Response to Kate Smith articles

To the editor:

The fastest way to alienate a local is to take them or their history out of context and culture. Is this not the same for those seeking to integrate?

We have more in common than most people think. Consider this perspective: Rural mountain people are a global cultural minority. Our history is also one of alienation and exploitation — of our land, our natural resources and our people. We may or may not have had racism in our ancestral heritage, but we are familiar with a sometimes oppressive economic caste system that kept many of our families in poverty and ignorance for generations. We are still combating above-average adult illiteracy rates. We are all, to some extent, a product of our history and environment. Mountain people are fiercely independent and proud because we have had to survive our climate and create the peaceful communities that are now attracting urban people, immigrants and racial minorities. We are protective stewards of what we and our ancestors have built and restored because we inherently know its value. In some ways, isolation and pride have held us back. Some are struggling to hold on to their heritage and cultural identity while living in an overwhelming post-modern digital age that threatens our traditions, heritage and ecosystem.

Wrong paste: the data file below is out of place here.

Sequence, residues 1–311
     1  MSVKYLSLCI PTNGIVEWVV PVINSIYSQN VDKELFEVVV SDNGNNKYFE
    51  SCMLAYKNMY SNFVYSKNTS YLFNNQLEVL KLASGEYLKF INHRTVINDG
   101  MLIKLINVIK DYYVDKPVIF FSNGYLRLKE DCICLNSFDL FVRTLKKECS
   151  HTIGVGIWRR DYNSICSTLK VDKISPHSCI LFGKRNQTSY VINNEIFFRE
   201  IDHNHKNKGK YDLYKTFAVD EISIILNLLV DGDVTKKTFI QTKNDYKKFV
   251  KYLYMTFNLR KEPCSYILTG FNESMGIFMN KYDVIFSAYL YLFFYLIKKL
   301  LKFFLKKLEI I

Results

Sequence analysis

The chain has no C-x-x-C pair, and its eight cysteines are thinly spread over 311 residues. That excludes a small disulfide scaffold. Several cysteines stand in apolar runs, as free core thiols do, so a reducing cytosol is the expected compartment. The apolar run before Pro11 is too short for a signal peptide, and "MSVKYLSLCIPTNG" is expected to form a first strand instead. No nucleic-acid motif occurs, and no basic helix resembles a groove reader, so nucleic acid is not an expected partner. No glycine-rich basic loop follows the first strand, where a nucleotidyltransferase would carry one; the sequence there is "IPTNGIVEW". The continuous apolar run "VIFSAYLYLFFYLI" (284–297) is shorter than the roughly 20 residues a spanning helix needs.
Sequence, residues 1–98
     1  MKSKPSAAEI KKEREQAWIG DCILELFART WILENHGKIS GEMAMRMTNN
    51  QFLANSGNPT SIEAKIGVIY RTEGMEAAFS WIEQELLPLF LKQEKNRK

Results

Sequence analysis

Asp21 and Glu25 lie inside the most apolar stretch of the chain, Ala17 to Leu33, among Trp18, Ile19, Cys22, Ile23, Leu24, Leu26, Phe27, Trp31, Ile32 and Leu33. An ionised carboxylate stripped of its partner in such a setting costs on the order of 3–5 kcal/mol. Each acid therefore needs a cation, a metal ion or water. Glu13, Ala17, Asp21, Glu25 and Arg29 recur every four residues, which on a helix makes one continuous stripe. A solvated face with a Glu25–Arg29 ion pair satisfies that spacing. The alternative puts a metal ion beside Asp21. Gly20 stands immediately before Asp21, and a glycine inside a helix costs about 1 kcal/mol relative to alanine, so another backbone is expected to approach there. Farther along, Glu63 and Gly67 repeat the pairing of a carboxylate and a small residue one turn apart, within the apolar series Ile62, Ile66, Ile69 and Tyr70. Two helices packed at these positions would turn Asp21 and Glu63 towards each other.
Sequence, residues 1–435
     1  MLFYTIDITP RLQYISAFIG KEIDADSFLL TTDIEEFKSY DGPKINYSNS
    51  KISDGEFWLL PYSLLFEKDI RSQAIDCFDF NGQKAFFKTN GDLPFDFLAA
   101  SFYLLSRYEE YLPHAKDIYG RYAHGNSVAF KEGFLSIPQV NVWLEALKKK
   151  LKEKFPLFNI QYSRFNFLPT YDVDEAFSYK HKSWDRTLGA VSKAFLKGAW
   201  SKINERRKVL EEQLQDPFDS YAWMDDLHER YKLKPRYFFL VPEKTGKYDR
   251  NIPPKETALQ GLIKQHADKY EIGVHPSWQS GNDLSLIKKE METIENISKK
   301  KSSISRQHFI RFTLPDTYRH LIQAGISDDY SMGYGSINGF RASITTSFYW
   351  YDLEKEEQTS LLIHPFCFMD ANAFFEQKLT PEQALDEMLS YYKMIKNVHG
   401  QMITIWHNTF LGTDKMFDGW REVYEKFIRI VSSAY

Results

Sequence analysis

We have come a long way, comparatively speaking. I remember high school boys gang-stalking and pack-style bullying gay youth from the backs of pickup trucks after school on LaPan Highway. That was in the mid ’90s. Today, that behavior is no longer tolerated, and we have a thriving LGBTQ population that is fully integrated. Patience is a virtue, as are compassion and diplomacy.

Productive diplomacy requires a firm knowledge of the history and culture one seeks to incorporate themselves into. A true diplomat knows how to leverage that knowledge and communicate to elicit a positive response, not incite a negative reaction. The Enterprise, as a bridge to diversity and ambassador of the community, should do a better job of bringing cultural diplomats together and presenting their points of view from a place of neutrality. Those formally promoting integration should behave like diplomats and ambassadors. We cannot erase or diminish the heritage or experience of either side and expect to reach an accord. Race-bating articles like this, positioned to tease out reflexive responses from both sides, are counter-productive and only fuel reactionary outrage that widens the gap.

Kelly Thoreck

Saranac Lake

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